A second big highlight was the new “Radio Silence,” another intimate-starter that opens up into that big Styx sound and a great sing-a-longer if it can get out on the radio stations for mass intake. “Gone, Gone, Gone” also has a frolicking anthemic spirit and will continue to be a perfect opening song as the band heads into the future.
And Chuck Panozzo, in his red sparkling jacket, singing along to “Come Sail Away,” was a treasure, looking good, playing good, while battling HIV and winning that battle. Recently he issued a statement about his health and his journey in life. It said, in part, “I have lived with the struggle of being gay with HIV for quite some time. I was ashamed and stigmatized by my secrets. It’s difficult enough to be different and even more challenging to live with big secrets. I have finally learned to enjoy my differences. Through the years, I struggled with my feelings about my diagnosis and found that the stigma of being HIV positive was actually worse than having the disease itself. I’ve wanted to release myself of this feeling for so long. It became crippling.” He went on to say that a visit to the World AIDS Museum & Educational Center in Wilton Manors, Florida, was an eye-opener. Styx has a special donation page. To see Panozzo up there and playing, seeing the respect shown to him by his band members and fans alike, was simply moving.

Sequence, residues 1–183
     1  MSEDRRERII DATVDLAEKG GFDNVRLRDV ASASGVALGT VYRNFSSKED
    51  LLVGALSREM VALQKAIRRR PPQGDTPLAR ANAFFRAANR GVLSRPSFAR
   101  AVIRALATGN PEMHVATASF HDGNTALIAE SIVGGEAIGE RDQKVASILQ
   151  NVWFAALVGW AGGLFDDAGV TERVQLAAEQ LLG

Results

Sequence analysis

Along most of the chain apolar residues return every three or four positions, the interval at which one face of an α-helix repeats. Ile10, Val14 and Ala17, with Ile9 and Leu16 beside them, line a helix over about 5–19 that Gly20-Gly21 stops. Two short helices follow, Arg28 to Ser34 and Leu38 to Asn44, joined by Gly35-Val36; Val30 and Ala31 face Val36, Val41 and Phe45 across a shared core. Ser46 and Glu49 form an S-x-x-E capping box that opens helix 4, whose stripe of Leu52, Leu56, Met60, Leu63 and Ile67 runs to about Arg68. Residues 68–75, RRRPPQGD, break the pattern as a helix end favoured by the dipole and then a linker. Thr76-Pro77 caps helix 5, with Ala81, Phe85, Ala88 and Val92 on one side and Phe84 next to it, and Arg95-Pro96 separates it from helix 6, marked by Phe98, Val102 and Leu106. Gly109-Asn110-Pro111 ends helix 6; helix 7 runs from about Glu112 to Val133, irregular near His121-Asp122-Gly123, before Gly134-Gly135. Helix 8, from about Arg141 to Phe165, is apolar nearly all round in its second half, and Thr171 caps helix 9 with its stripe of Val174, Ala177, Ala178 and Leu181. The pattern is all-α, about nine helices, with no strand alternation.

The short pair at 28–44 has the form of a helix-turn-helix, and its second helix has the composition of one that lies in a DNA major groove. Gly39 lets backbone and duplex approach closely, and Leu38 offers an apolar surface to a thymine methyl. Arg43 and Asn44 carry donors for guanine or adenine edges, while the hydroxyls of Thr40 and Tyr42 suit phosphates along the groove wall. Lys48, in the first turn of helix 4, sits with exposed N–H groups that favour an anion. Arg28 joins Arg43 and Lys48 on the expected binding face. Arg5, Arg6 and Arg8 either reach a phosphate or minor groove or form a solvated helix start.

With Styx still this strong musically, with a solid album having come out this summer, there is nothing to hold this band back. Glide spoke to Gowan about The Mission prior to the concert on Friday.